March 21 2019 Latest news:

Neonomicon

To send a link to this page to a friend, you must be logged in.

ALAN Moore is dead. That is, the greatest comics writer of the 20th century appears to have shuffled off this mortal coil and been replaced by someone with the same name who seems to have forgotten all of the basics of story construction, and instead prefers to dump information on his audience as if delivering a lecture, mixed in with a perverse pleasure in portraying some of the most extreme sexual depravity I have ever seen in more than three decades of reading comics.

Purporting to offer an innovative and challenging new look at the work of horror writer HP Lovecraft of recent years, it was actually written to help Moore pay off a tax bill, which says a lot for his attitude in writing it.

The story is effectively a framing device for Moore to reveal his theories on the nature of the Great Old Ones – the crawling, multi-tentacled entities featured in Lovecraft’s pulp horror stories – as cocksure but relatively undefined FBI agents Brears and Lamper investigate ritual murders linked to the last case of former golden boy Aldo Sax, now a convicted killer imprisoned in a maximum security installation.

This is Moore in full-on magician mode, a persona which was previously evident in the multi-dimensional journey which was Promethea, effectively a guide to his magickal beliefs in comic book form. Here we have Moore educating his audience about Lovecraft’s Cthulhu mythos with chunks of explanatory dialogue which seem uncomfortably flowery and pompous, something rarely experienced with his other publications, and which frequently jar the reader out of the narrative.

Make no mistakes, this is not a graphic novel for anyone of a nervous disposition, with a liberal use of extreme sexual images and savagely brutal violence, and Moore holds nothing back, assisted by the detailed illustrations of series artist Jacen Burrows, suggesting he’s looking to shock as much as educate. But one expects so much more from the creative genius behind the likes of V For Vendetta, Miracleman, Swamp Thing, Watchmen and The League of Extraordinary Gentlemen, and any theories Moore may be trying to put across are lost amidst a swathe of racism and rape.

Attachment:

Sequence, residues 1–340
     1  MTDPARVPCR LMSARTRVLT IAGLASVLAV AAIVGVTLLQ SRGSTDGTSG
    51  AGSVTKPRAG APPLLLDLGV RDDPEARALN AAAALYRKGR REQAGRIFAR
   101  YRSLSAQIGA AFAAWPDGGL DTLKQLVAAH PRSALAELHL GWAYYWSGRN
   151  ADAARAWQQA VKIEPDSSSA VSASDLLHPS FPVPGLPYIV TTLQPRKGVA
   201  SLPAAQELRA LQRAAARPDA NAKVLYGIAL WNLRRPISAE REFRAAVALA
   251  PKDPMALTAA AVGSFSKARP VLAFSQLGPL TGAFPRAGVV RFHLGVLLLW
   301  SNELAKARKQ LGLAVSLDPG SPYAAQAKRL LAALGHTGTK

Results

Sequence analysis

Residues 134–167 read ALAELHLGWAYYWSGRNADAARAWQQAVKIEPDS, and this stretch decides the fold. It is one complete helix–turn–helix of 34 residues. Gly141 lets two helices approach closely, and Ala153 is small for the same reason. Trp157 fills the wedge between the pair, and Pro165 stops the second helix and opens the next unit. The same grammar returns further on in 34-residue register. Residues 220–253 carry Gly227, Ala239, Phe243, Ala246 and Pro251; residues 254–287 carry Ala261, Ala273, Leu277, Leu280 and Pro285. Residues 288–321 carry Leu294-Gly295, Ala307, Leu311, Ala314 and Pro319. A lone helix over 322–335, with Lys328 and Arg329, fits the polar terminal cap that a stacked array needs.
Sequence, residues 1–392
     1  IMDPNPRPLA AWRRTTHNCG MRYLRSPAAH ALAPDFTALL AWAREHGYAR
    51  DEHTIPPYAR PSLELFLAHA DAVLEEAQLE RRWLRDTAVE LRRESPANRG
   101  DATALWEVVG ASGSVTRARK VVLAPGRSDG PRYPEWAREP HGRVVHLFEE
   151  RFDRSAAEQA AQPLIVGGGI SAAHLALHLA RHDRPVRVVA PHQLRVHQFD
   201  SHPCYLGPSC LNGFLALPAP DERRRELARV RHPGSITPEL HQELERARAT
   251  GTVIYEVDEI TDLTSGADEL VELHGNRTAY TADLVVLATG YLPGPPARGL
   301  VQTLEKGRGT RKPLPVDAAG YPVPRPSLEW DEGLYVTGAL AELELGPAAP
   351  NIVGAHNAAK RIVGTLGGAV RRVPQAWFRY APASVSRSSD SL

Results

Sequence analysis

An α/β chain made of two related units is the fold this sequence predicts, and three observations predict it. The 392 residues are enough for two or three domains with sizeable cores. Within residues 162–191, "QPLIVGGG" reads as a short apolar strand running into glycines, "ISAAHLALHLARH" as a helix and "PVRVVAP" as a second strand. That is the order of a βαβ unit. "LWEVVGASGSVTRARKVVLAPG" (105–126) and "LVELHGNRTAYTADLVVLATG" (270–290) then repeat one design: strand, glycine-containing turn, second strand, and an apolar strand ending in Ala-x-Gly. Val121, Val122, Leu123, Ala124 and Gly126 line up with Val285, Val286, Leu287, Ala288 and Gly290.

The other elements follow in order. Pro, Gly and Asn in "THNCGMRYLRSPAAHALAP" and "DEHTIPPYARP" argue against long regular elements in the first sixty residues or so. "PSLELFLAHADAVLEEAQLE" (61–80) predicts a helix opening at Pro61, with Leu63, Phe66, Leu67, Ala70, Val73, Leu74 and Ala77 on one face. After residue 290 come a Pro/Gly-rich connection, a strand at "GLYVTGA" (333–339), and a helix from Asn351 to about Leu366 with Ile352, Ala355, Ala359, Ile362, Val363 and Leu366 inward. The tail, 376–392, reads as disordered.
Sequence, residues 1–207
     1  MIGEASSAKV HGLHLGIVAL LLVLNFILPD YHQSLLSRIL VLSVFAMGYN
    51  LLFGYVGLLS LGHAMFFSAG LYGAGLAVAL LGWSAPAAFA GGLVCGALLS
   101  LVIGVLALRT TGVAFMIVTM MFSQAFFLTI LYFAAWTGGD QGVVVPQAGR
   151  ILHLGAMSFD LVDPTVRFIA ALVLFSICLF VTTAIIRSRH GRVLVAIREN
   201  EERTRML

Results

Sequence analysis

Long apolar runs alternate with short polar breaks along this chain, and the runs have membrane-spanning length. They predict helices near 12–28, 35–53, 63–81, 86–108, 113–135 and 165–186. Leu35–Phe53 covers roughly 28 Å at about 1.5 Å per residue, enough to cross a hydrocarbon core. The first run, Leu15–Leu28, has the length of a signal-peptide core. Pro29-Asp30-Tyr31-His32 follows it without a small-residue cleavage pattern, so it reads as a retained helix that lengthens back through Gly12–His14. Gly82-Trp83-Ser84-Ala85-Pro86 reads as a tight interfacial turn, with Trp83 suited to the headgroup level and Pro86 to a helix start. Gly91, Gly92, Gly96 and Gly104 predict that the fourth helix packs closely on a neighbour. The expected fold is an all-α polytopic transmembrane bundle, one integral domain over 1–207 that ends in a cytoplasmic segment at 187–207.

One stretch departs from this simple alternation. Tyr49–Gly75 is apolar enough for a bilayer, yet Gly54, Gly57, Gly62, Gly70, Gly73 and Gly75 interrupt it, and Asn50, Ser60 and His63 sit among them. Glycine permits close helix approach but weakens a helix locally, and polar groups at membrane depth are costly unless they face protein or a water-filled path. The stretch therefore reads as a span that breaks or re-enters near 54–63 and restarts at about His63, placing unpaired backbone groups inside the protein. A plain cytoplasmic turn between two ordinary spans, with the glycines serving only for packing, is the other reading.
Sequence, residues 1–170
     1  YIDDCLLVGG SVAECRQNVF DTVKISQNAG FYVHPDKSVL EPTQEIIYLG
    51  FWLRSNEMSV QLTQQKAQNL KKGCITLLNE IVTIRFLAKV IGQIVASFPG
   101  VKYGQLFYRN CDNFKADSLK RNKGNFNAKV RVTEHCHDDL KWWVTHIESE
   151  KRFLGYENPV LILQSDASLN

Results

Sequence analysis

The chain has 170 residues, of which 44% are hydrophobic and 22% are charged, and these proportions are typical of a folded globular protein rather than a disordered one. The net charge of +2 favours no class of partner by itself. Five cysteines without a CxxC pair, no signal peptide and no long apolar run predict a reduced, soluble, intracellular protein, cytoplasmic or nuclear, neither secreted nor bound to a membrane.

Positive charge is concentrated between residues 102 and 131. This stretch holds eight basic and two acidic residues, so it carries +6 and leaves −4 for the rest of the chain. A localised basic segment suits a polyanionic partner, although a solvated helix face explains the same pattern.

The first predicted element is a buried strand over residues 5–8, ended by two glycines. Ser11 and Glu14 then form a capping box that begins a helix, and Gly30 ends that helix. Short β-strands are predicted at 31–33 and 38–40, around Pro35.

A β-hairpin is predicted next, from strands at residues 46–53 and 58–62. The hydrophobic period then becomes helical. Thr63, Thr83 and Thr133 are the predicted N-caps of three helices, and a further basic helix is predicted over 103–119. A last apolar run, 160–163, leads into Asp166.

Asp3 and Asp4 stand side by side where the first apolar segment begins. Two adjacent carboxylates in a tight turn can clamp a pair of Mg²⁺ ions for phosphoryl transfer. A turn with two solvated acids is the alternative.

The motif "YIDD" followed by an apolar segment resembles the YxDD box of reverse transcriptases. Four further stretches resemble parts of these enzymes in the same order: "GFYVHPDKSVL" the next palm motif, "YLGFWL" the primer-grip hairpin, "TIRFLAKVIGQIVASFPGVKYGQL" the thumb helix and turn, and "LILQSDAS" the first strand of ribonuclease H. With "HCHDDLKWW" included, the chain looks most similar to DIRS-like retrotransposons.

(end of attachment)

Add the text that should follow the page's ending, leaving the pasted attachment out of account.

By reflecting the attitudes of Lovecraft the man, Moore does not shy away from his bigotry and misanthropy, which makes for uncomfortable reading through an excessive use of certain derogatory terms, and yet even that doesn’t really compare to explicitly revealing Special Agent Brears being systematically raped by some sort of fish-monster for almost two whole issues out of the four collected here.

It’s almost as if Moore was looking for an excuse to show these scenes in print, and revelled in portraying them. It’s unnecessarily graphic, and adds very little to the overall story beyond highlighting the truly twisted nature of a Dagon cult operating beneath the streets of the seaside town of Innsmouth, something which could have been achieved through implied horror, rather than showing it unfold on page after page.

However, the reality here is not that Alan Moore enjoys writing about cross-species sexual abuse, it’s more the fact that this is a remarkably sub-par piece of schlock from one of comics’ greatest creative talents. There may be some interesting and valid points Moore is making here about the nature of the Lovecraft mythos and the Great Old Ones’ place in our reality, but they are lost amid the endless scenes of gratuitous sexual depravity.

Apparently Alan Moore is now in semi-retirement from comics. On the basis of this piece of filth, the sooner he gives up for good the better.